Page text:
They cleared fields by felling, girdling, or firing trees at the base and then setting fire to the slash and stumps. A site became unusable when soil productivity declined and local fish and game such as buffalo (which migrated into this area before 1400) were depleted. The bands then moved on. In every new location, the people used fire to clear virgin land. (290)
Once the fields were cleared, the women were responsible for planting the staple crops of corn, beans, and squash (the Three Sisters), maintaining, and harvesting them. Thanks were given to the spirits of the place as well as the twin gods for providing the people with sustenance and crop rotation was observed to allow the earth to replenish itself. The earth, as noted by Brown, was thought to be alive and would speak to the people and let them know its needs. The people, in turn, would speak to the earth, the trees, and the crops, explaining their needs and encouraging growth and health.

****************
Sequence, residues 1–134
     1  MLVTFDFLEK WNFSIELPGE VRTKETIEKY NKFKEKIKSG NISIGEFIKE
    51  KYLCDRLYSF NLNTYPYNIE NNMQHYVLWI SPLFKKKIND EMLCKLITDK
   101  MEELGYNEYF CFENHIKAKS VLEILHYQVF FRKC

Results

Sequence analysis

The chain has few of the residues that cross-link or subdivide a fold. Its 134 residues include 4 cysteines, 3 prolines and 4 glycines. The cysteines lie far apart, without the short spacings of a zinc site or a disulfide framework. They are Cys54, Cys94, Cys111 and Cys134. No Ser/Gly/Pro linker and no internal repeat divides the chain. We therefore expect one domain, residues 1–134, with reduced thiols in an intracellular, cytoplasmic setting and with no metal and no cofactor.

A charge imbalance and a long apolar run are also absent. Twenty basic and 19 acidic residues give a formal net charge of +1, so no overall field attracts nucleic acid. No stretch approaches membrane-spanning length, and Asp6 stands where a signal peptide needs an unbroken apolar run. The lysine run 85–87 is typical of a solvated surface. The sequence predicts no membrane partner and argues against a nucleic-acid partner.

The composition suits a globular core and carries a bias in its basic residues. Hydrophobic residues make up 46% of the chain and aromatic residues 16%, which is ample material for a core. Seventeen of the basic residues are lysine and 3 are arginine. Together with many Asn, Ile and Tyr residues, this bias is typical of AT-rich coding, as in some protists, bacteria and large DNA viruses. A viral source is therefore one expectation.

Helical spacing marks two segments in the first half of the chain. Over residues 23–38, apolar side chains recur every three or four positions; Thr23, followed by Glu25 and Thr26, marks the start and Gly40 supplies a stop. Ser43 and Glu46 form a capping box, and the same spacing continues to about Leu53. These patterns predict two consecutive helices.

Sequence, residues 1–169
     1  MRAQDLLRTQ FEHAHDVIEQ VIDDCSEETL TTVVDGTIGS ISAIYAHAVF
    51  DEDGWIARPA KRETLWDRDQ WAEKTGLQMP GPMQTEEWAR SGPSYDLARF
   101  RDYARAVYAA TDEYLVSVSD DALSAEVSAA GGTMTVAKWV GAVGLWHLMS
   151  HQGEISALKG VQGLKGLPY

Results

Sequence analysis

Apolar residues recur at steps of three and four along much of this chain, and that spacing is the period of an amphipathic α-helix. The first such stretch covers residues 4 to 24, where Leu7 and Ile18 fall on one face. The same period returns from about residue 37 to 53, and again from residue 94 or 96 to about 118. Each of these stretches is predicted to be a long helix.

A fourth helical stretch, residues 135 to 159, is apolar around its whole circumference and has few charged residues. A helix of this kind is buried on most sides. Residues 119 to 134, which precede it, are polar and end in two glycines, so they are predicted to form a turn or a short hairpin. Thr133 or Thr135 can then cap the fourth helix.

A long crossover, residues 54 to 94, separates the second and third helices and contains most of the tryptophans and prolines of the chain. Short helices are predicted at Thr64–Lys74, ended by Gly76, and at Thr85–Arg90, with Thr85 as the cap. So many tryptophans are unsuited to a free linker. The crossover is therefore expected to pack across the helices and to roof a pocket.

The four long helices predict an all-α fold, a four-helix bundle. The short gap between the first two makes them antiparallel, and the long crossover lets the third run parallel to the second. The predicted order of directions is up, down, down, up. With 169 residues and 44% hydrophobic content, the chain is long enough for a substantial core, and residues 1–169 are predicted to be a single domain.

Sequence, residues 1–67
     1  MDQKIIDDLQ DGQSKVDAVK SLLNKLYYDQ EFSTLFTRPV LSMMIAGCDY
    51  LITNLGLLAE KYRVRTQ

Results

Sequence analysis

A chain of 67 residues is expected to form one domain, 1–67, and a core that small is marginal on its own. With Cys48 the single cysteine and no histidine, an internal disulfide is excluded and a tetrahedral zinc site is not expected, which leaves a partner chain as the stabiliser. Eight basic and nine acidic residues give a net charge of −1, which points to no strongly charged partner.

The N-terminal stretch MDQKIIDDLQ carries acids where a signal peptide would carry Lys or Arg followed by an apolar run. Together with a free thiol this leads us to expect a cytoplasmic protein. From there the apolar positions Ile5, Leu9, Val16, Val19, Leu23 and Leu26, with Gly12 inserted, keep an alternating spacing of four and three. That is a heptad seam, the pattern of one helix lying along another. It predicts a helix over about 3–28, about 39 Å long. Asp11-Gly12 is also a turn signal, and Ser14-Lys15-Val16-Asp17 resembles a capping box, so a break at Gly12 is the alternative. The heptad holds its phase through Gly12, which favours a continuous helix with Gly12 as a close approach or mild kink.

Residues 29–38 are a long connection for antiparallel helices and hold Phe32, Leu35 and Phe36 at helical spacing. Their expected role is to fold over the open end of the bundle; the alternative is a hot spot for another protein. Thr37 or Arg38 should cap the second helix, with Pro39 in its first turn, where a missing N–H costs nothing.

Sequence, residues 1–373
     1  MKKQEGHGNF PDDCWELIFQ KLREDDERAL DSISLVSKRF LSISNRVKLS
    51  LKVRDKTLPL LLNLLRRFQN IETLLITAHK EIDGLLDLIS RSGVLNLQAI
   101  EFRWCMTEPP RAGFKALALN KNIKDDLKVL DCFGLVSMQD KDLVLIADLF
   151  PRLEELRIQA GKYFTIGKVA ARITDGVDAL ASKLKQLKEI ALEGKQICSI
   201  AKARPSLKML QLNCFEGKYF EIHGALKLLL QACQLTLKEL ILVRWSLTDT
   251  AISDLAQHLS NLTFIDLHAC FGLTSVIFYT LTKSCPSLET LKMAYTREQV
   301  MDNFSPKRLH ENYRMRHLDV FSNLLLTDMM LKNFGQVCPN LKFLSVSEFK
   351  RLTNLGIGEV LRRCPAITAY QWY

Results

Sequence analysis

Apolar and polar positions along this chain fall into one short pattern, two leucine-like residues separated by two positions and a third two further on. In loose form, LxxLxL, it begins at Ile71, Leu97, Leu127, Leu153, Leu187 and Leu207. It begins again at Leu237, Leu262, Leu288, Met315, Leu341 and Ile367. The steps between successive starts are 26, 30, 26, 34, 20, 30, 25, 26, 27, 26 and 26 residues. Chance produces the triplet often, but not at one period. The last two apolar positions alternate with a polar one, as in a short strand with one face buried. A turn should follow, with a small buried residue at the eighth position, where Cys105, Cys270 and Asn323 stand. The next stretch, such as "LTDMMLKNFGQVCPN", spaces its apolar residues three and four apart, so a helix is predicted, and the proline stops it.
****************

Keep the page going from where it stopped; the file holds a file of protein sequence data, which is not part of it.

Women not only cared for the crops but were also responsible for building homes and managing a tribe’s finances. Homes, temples, and community structures were all built the same way by bending saplings over to form an upside-down U, anchoring the top to the ground, and covering the structure with woven reed mats, leaving a hole at the top to draw smoke from the hearth fire. A Powhatan building was similar to those of northern tribes of the North American eastern seaboard and was known as a longhouse (a yehakin); the teepee, so often depicted in colonial and later art concerning Native Americans was not used by the Powhatan. Even with seasonal hunting communities, the women would go out before the men and build them shelters along the same lines as permanent settlements.